Gravel Roads and Rocky Ground
Travelling Rocks and Uneven Terrain
Independent suspension usually provides a smoother ride in this type of terrain, but its design limits the wheel travel and ground clearance obtainable. It goes without saying that rocky ground ought to be tried at low speeds to minimise vehicle contact with the terrain.
This type of terrain is where vehicle type is important. Ground clearance and suspension travel are of the main criteria. High ground clearance allows the larger rocks to pass underneath without contacting vulnerable vehicle parts while nice suspension travel allows the wheels to stay in contact with the ground.
While independent front suspension usually provides a smoother ride, it's a variable ground clearance to the fronf diff. As the front wheels hit a bump, the wheels rise up to absorb the bump. However the diff remains in the same relative position, effectively reducing the ground clearance under the diff. This may finish up in the diff hitting the ground, although the hindrance under the diff was only half the height of the static ground clearance.
Live axle front suspension usually does not provide as smoothe a ride as independent front suspension. However lots of live axle suspensions are now fitted with coils than leaf suspension, which significantly improves ride comfort. The advantage of live axles when off road is that when the wheels hit a bump, the whole axle rises with the wheels to absorp the bump. This maintains the same clearance from the diff to the ground.
While this is an advantage off-road, the fact the weight of the whole axle and diff is constantly moving with any bumps leads to a rougher ride, compared to independant front suspension.
When giant drop-offs or ledges are encountered, they can be tackled at an angle to permit wheel at a time to mount the hindrance. Bear in mind how this will affect the position of the vehicle as turning at an angle to a down hill ledge may lead to the side rollover angle being reached.
If a sudden hindrance e.g. a kangaroo, appears it is very important not to swerve while braking. This goes for any road surface & not gravel roads. However it is more critical on gravel roads as one time a skid or slide starts, it is impossible, if not impossible, to regain control. There's exceptions to this rule such as a van heading straight for you at high speed. It is better to keep away from a collision with the van & take your chances hitting a roadside object than to have a head-on collision. However, neither of these options are attractive & it is for better to be travelling at a safe speed for the conditions.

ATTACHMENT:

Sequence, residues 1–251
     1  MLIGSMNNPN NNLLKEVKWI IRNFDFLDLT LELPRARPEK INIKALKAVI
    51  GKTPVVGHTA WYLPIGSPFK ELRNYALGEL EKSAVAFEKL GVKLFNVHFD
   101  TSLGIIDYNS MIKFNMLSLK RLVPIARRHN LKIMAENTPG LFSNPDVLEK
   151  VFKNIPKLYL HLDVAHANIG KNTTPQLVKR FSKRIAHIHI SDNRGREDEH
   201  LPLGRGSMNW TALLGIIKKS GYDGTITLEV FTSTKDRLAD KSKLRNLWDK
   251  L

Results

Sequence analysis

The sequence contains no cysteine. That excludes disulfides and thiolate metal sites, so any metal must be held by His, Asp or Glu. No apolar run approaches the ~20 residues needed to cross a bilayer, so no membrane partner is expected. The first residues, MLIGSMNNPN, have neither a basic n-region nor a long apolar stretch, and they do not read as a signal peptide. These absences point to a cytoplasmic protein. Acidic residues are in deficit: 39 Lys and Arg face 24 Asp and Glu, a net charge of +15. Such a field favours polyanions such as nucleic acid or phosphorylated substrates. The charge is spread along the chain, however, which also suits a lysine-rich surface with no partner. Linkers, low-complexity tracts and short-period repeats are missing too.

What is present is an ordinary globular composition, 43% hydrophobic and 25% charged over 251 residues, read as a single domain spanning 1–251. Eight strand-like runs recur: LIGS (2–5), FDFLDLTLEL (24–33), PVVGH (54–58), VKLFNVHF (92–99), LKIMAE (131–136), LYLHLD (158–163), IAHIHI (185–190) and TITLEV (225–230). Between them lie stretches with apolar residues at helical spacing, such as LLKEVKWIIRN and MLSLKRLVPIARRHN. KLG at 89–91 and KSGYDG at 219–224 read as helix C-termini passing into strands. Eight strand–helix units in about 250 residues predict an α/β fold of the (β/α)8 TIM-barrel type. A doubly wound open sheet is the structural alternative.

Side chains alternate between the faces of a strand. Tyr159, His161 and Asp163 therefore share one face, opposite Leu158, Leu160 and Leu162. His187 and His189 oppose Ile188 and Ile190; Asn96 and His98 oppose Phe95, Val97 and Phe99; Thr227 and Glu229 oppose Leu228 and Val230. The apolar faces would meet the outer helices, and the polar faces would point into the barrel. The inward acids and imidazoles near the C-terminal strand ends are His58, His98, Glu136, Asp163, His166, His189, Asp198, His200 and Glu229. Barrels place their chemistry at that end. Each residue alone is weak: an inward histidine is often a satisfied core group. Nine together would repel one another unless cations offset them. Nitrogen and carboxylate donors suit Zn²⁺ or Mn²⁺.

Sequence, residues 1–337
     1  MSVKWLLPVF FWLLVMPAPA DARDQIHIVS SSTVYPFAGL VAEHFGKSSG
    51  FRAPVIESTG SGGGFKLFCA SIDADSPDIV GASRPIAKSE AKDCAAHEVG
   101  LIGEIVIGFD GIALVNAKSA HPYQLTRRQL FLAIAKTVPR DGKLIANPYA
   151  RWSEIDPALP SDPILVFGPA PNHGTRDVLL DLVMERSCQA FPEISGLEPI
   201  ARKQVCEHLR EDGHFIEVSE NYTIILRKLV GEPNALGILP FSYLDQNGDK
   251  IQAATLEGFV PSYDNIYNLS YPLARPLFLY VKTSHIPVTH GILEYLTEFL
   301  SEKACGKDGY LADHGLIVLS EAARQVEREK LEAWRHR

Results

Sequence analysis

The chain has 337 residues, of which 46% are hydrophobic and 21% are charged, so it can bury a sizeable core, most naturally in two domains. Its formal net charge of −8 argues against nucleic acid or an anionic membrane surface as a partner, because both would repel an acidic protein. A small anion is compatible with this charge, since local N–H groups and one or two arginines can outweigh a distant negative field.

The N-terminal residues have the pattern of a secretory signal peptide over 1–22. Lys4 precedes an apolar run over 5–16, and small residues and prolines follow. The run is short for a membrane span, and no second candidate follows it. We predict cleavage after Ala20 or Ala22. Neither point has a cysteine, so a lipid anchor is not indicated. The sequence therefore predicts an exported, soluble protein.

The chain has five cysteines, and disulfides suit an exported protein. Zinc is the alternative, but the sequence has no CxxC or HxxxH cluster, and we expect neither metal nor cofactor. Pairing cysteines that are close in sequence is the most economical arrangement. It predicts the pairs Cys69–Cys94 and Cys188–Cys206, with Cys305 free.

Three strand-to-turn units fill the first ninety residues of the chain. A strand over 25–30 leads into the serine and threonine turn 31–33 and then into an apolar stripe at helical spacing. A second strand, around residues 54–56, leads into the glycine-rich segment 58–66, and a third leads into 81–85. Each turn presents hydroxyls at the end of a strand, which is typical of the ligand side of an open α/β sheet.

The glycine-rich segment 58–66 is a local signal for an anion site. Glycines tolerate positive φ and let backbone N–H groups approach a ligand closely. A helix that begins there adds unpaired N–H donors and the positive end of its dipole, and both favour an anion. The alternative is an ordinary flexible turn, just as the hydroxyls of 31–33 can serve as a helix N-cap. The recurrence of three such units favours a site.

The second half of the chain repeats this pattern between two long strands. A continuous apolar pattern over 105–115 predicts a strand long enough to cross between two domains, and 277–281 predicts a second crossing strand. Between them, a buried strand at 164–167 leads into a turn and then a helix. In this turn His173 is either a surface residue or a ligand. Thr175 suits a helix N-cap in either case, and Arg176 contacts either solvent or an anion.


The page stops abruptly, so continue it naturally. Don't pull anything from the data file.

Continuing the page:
Travelling on long straight stretches of gravel roads can lull the driver in to a false sense of security. Modern 4WD's can make a comparatively rough road appear smooth with their long travel suspension & sound deadened interiors. Speed creep can occur in these circumstances & when a bend is encountered the high centre of gravity in most 4WD's may cause you to cross to the other side of the road or it can lead to a high risk of rollover.
Corrugated gravel roads may cause extreme vibrations that con cause vehicle destroy as nuts rattle off & vibrations destroy electrical parts. It is common for glass food containers to shatter even when stored in eskies. The key to minimise these issues is to find the right combination of vehicle speed & tyre pressures.
In part-time 4WD's it is best to make use of 4WD on gravel roads to gain the better traction & road-handling of 4WD. Gravel roads provide slip not to cause any transmission windup issues. It is not necessary to make use of the centre diff lock of permanent 4WD's on gravel roads.
After driving long distances on poor quality roads, it is a nice suggestion to check all nuts & bolts to see they haven't vibrated loose. It is important to check all suspension parts. The simplest way is to make use of an adjustable spanner & when a loose nut or bolt is found, use the proper size spanner to tighten it than risk burring the head.
Increasing vehicle speed until it 'planes' over the corrugations con reduce vibration significantly, but the planing speed may be high for the driving conditions. Depending on the corrugations, planing speed is around 60-80 km/h. Lowering tyre pressures reduces vibration as the tyre sidewalls act as shock absorbers. However this causes the tyre to heat up & can lower tyre life or even cause tyre failure. It is sometimes better to sacrifice tyre life & lower tyre pressure to reduce the destroy being caused to the vehicle, as well as the comfort of the vehicle’s occupants.
The largest issue area for dust intake is from the rear tailgate. Check that the rubber seals are in nice condition and that they seal when closed
When driving on dusty roads, its a nice suggestion to have all of your windows closed and the ventilation control set to outside air with the fan on high. This pressurises the vehicle interior slightly and helps reduce the amount of dust sucked in to the vehicle. When another vehicle approaches, move the ventilation control to "recirculate" to cease dusty air coming in. Keep in mind to move the ventilation back to outside air one time you have passed through its dust trail or else the pressurisation effect will be lost. In hot weather, vehicles without air-conditioning must make a choice between minimising dust intake or winding the windows down.